In all of the additions the Blythe Group is proposing for the district, they are trying to match the look of the additions with that of the existing building so all looks cohesive, said Stein. There is also an effort to keep separation between the different grades in schools where they occupy the same building, like they do at CBCS.
The designers also discussed concepts for the Gunnison High School. Currently, they’re recommending an addition that would surround more than half of the existing school, while dealing with many space restrictions similar to those encountered at CBCS, said Stein.
An addition to the school would be built for an entrance on the west end, as a secure vestibule that can be locked down during school hours to force people through the main entrance. That glazed-glass atrium will be two stories and hold biology, chemistry and physics laboratories as well as a health classroom and more.
There would also be a covered walkway leading to the bus drop-off, concession and common areas near the existing gymnasium and a second gymnasium that is part of the renovation plan, in the heart of the complex. The auditorium will also get an expansion that will increase seating capacity to 400, up from the current 305 seats, said Stein.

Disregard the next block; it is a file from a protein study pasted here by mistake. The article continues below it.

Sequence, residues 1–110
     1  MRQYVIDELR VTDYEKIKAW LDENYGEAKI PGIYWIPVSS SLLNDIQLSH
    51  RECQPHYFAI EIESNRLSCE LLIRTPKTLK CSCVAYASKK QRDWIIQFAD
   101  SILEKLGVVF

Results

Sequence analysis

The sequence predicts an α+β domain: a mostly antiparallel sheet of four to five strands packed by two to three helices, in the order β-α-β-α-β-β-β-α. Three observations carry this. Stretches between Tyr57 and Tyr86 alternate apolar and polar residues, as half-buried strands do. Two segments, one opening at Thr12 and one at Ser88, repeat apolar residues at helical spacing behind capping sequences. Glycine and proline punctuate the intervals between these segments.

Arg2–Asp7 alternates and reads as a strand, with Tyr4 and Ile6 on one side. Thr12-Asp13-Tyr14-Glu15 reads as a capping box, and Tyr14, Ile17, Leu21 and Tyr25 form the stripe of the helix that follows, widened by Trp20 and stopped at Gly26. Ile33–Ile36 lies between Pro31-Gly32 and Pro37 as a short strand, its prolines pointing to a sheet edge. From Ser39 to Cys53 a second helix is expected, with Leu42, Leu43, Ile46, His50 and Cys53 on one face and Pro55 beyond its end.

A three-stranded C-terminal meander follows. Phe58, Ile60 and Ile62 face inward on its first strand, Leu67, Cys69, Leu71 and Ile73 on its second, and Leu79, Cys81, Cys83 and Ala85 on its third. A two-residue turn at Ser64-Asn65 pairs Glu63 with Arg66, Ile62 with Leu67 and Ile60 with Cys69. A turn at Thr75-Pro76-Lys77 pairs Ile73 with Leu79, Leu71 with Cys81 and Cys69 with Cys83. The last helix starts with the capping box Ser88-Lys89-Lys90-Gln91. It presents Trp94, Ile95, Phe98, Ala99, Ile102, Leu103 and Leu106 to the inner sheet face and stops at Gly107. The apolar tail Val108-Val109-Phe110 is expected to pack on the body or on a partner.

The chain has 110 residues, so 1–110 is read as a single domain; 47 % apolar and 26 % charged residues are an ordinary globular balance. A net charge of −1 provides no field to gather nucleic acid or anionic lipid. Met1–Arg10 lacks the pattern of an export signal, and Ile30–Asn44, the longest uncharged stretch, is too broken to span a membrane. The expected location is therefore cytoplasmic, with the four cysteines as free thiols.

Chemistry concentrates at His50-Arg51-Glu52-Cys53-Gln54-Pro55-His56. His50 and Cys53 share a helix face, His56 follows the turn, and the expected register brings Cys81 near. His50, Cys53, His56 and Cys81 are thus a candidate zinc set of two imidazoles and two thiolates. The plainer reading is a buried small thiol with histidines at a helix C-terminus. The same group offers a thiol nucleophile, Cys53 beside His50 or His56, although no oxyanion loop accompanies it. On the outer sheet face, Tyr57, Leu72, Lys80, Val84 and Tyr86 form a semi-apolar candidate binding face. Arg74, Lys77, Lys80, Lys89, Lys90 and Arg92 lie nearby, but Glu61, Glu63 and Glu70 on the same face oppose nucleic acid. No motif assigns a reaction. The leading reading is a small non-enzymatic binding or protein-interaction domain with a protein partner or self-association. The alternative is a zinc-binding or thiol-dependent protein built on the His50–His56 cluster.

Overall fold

“The building is structurally in pretty good condition and there are just a lot of updates that it needs… This is the hard part and we’ve developed a plan that will work for today’s needs. Then we’ll take all of the programmatic space that is required and we’ll have the cost estimators put together numbers for what it would cost to build a new building,” said Blythe.
The project designers proposed combining the Gunnison Valley School and the new high school, so they could share some of the amenities and some of the more difficult and expensive remodeling, such as the gymnasiums, workshop facilities and kitchen, which can run between $500 to $600 per square foot.